This “cottage style” orphanage located on a 166-acre campus four miles northwest of downtown Lynchburg was laid out in 1911 by landscape architect Warren Manning. His master plan called for a formal arc of Georgian-style brick residence cottages flanking a central administration building organized on the long axis of a 1.8-acre central lawn. Through the use of strategically located trees and shrubs, Manning reinforced the formality of the cottage layout contrasted against the open character of the surrounding agricultural landscape. A brick-faced bridge across a stream announced the entrance to the campus and the semi-circular drive, lined with maples, brought visitors to the formal core of the orphanage. A service road sited east of the cottage arc provided access to the original heating plant located north of the administration building.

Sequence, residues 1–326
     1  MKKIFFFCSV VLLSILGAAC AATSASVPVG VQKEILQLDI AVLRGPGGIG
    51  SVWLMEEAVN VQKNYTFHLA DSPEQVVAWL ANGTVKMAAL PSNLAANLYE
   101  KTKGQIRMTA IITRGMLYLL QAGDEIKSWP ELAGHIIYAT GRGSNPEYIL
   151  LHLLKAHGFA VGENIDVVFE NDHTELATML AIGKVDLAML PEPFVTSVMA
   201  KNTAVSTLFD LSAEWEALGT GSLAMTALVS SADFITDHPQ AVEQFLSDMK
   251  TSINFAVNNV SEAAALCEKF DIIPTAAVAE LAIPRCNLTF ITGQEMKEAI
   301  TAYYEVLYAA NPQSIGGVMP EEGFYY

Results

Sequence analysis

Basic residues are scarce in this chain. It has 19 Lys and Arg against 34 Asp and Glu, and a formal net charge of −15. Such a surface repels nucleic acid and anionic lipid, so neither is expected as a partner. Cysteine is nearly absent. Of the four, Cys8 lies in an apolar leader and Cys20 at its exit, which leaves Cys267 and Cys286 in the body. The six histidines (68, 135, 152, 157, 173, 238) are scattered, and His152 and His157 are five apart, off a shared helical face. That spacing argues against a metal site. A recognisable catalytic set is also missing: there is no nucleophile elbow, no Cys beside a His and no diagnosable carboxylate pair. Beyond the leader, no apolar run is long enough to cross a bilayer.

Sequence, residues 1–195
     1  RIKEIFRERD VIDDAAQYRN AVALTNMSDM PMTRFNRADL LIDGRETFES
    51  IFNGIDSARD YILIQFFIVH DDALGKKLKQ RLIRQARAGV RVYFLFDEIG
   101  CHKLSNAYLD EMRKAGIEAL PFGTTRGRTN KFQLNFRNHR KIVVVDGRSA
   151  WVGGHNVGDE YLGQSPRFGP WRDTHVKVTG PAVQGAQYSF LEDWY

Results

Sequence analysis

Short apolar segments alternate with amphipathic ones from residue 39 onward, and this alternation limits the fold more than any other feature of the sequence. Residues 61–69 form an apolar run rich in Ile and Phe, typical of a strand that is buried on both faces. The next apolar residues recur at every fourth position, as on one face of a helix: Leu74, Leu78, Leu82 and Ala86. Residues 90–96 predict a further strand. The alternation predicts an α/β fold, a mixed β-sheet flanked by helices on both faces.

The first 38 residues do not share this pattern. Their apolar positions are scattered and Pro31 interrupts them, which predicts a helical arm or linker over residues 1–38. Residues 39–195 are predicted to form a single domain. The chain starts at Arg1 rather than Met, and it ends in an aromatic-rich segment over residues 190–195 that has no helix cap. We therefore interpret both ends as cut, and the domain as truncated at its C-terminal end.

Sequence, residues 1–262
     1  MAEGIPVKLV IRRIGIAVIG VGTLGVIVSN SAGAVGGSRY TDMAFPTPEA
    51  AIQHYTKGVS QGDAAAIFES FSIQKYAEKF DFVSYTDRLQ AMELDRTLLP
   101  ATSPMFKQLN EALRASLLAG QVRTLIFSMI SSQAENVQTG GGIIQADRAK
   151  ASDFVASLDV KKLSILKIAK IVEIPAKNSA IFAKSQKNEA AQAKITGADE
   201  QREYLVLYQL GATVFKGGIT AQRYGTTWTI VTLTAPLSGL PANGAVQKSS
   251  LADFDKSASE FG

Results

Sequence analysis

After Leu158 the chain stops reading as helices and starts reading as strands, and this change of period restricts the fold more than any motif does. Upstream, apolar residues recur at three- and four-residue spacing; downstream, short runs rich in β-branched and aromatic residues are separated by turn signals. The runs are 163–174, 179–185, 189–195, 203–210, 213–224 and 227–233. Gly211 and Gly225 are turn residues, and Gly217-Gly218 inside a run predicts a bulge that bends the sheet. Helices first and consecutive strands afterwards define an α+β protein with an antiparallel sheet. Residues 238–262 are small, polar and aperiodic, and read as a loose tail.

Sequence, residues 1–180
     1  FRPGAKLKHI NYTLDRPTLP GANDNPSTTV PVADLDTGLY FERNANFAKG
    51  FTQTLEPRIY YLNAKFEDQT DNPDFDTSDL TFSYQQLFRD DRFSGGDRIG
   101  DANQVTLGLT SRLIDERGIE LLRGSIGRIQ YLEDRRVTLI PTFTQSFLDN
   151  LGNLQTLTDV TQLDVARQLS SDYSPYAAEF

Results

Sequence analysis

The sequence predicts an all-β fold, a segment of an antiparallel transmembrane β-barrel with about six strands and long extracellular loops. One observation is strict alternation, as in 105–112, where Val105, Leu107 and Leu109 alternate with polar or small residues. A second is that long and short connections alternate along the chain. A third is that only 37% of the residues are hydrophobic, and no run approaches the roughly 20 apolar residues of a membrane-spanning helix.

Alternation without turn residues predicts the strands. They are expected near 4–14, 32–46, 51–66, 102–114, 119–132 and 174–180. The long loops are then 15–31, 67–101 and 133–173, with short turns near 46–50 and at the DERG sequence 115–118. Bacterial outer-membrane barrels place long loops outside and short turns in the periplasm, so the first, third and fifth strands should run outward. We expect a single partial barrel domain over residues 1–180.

In 1923 Charles Gillette, an apprentice in Manning’s office when the original master plan was developed, was retained to provide an updated master plan for future expansion while preserving the character of Manning’s design. Recreational fields located east of the central arc and vegetable and cutting gardens sited between the individual cottages are attributed to Gillette’s plan. Later landscape additions include the amphitheater, swimming pool, basketball courts, and a play area at the open end of the cottage arc. Operated by HumanKind, the orphanage retains much of its historic character and, today, Gillette’s plans guide the development and stewardship of the campus, which was listed in the National Register of Historic Places in 2010.